Assessing the Use of Genetic SNPs for Complex Disease Analysis and Discovery of a Role for Apoptosis in Alzheimer's Disease

Anthony J Brookes
Vice-Prefect, Clinical Genomics Coordinator
Center for Genomics Research
Karolinska Institute
Theorells väg 3
S-171 77 Stockholm Sweden
telephone: +46-(0)8-7286630
fax: +46-(0)8-331547
email: Anthony.Brookes@cgr.ki.se
prestype: Platform
presenter: Anthony J Brookes

A.J. BROOKES
Center for Genomics Research, Karolinska Institute, 171 77 Stockholm, Sweden.

Everyone hopes or assumes that SNP-based association analysis will help us to understand the genetic basis of complex disease. However, many problems could limit this possibility, e.g., phenotypic and genetic/allelic heterogeneity, population sub-structure, variance in Linkage Disequilibrium (LD), method inadequacies. Despite years of intense study in the field the number of success stories are few - yet it is difficult to draw strong conclusions due to intangible issues such as publication biases, variable experimental design quality, and etiologic differences across population differences.

We have been conducting association analysis in a large-scale manner using an optimal study designed focused strongly upon intragenic SNPs (primarily non-synonymous variants) - assuming that these will comprise and/or be in high LD with pathogenic variants. The study also i) followed a 'pathway-based hypothesis testing' strategy covering high candidature systems to look for clustering of weak-medium signals within pathways, ii) analyzed population-based sets of twins and phenotypic extreme clinical materials from Swedish and Scottish origins, since these will probably have more homogeneous and readily apparent genetic etiologies, and iii) targeted diseases that are well studied biochemically and known to possess high heritability - principally Alzheimer's Disease (AD) and obesity/diabetes.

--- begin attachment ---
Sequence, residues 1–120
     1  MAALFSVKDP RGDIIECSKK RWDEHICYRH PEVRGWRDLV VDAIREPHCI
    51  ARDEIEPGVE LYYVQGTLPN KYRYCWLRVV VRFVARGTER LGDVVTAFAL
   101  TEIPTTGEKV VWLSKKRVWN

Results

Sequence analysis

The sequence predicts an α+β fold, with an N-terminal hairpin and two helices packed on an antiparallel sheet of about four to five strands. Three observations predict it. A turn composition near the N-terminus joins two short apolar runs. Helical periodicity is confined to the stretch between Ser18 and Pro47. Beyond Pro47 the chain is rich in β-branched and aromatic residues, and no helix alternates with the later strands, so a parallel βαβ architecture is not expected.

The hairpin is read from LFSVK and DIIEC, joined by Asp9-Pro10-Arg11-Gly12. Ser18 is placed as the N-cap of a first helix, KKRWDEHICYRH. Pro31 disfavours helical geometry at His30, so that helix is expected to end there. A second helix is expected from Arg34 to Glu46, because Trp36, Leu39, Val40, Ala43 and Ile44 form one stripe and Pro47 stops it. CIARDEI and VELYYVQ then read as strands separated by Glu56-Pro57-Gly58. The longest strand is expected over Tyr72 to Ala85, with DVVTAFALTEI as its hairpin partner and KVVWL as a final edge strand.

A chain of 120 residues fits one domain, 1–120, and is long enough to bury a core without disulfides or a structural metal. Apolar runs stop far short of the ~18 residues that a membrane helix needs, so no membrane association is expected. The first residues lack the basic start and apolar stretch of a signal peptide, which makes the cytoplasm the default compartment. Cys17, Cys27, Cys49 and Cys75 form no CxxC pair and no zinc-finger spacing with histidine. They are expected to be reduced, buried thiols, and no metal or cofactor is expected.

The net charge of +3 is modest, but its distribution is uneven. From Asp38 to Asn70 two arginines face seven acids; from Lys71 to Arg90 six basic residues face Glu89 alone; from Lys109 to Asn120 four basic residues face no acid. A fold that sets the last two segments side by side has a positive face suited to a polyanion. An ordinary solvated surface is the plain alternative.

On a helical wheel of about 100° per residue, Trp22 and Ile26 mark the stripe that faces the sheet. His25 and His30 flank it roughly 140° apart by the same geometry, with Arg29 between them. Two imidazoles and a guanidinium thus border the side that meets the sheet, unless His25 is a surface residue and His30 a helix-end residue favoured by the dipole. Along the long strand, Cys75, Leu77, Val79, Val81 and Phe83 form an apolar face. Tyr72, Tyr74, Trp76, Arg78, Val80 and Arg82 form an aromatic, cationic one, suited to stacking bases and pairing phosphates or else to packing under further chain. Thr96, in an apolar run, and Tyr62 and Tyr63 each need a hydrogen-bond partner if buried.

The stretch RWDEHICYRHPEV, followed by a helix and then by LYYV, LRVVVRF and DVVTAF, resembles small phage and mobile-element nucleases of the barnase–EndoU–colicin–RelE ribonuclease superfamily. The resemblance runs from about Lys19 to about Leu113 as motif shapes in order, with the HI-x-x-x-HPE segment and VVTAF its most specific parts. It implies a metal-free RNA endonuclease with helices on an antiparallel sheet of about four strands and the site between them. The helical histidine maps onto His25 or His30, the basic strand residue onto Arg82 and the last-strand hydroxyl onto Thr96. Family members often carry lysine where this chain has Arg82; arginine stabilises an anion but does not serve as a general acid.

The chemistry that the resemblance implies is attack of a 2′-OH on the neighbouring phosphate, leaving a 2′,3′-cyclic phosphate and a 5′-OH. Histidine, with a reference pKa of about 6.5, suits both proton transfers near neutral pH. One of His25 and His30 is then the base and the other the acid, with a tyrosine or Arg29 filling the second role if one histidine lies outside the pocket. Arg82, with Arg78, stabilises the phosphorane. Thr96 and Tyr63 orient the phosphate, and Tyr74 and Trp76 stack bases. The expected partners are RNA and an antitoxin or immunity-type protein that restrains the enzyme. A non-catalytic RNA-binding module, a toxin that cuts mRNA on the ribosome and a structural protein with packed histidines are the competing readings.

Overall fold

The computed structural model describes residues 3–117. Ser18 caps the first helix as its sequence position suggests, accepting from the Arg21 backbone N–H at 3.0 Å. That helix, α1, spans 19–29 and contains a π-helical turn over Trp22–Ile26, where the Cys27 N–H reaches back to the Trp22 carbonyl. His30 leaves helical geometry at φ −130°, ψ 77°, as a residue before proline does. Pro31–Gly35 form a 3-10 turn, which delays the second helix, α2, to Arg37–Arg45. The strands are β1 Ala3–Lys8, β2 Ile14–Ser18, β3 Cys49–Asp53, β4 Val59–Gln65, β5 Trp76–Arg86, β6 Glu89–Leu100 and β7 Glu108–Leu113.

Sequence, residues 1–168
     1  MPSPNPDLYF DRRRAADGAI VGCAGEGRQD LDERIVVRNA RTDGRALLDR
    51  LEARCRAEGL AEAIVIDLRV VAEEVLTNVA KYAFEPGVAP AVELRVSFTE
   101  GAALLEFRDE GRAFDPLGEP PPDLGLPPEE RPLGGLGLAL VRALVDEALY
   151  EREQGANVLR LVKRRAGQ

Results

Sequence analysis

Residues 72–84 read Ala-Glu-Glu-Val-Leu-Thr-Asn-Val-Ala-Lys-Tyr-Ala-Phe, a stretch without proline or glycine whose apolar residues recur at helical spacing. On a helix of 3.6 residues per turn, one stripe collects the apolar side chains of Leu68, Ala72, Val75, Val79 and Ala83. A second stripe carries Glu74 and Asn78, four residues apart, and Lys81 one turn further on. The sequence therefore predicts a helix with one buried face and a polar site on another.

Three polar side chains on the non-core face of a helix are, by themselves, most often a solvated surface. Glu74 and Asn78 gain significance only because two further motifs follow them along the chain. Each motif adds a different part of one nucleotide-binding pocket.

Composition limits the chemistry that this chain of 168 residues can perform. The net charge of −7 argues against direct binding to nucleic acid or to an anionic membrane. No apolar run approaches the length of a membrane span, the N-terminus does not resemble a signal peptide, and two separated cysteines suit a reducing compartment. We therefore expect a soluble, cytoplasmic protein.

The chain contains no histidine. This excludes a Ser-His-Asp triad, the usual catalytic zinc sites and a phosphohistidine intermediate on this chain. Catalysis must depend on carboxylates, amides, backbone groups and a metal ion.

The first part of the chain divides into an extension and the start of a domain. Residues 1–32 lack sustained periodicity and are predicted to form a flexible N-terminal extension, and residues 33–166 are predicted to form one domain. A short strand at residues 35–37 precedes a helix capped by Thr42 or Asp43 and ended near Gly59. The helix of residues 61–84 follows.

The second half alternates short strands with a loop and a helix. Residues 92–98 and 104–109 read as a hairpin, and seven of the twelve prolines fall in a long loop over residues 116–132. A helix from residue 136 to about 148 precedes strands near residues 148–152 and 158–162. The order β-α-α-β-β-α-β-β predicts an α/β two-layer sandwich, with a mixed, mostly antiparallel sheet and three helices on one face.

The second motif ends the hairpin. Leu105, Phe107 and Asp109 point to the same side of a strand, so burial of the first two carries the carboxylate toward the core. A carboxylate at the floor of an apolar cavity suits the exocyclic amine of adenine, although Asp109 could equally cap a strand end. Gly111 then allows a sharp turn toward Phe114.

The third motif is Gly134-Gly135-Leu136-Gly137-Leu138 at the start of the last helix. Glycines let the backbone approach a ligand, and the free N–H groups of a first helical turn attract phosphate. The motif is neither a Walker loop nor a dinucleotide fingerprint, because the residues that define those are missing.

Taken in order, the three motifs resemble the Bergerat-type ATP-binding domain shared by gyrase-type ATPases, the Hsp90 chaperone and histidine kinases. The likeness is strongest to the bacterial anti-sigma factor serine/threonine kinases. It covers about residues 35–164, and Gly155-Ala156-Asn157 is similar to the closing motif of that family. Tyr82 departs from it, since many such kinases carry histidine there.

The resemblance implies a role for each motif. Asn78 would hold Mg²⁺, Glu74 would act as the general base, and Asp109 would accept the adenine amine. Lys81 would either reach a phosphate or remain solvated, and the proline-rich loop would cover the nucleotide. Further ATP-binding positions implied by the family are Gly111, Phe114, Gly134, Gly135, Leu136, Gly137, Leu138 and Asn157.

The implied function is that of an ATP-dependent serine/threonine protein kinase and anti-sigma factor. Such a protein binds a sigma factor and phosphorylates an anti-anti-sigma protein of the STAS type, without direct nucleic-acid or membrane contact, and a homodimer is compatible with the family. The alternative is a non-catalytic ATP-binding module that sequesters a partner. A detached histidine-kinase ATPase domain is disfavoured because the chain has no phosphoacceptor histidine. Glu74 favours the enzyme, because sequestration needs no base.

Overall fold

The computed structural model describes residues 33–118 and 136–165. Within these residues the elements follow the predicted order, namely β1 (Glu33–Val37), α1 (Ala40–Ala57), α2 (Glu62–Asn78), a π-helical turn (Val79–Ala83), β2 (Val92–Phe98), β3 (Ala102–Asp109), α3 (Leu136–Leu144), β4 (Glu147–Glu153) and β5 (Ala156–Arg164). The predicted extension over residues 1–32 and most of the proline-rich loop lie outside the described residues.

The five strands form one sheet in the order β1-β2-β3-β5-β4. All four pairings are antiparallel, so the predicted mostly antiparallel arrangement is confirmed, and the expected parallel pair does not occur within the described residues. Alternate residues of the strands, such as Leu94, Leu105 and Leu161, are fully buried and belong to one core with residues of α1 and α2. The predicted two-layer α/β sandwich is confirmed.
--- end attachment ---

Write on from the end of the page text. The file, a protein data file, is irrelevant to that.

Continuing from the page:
To enable the above, we i) constructed the Human Genic Bi-Allelic SEquences (HGBASE) database to gather and extensively curate gene-linked SNPs from all public sources, ii) developed Dynamic Allele Specific Hybridization (DASH) for virtually error-free SNP genotyping (>99.9% accuracy) that is robust (less than 1% of assays fail), and cheap (<25c per genotype), and iii) screened 300 AD candidate genes for SNPs, yielding over 500 potential SNPs, many that change amino-acid residues.

Testing over 50 SNPs (60+ candidate AD genes) in the above experimental setting gives a good indication of the many problems and limitations of this approach. From all of these efforts, one very significant new AD association was uncovered (P=0.002), involving a promoter variation in a key apoptosis regulator gene and an interaction with APOE. This result provides strong genetic evidence in support of a role for apoptosis control differences in the causation of AD in many individuals, and may help explain the mechanism by which the E4 allele of APOE mediates an increased AD risk.



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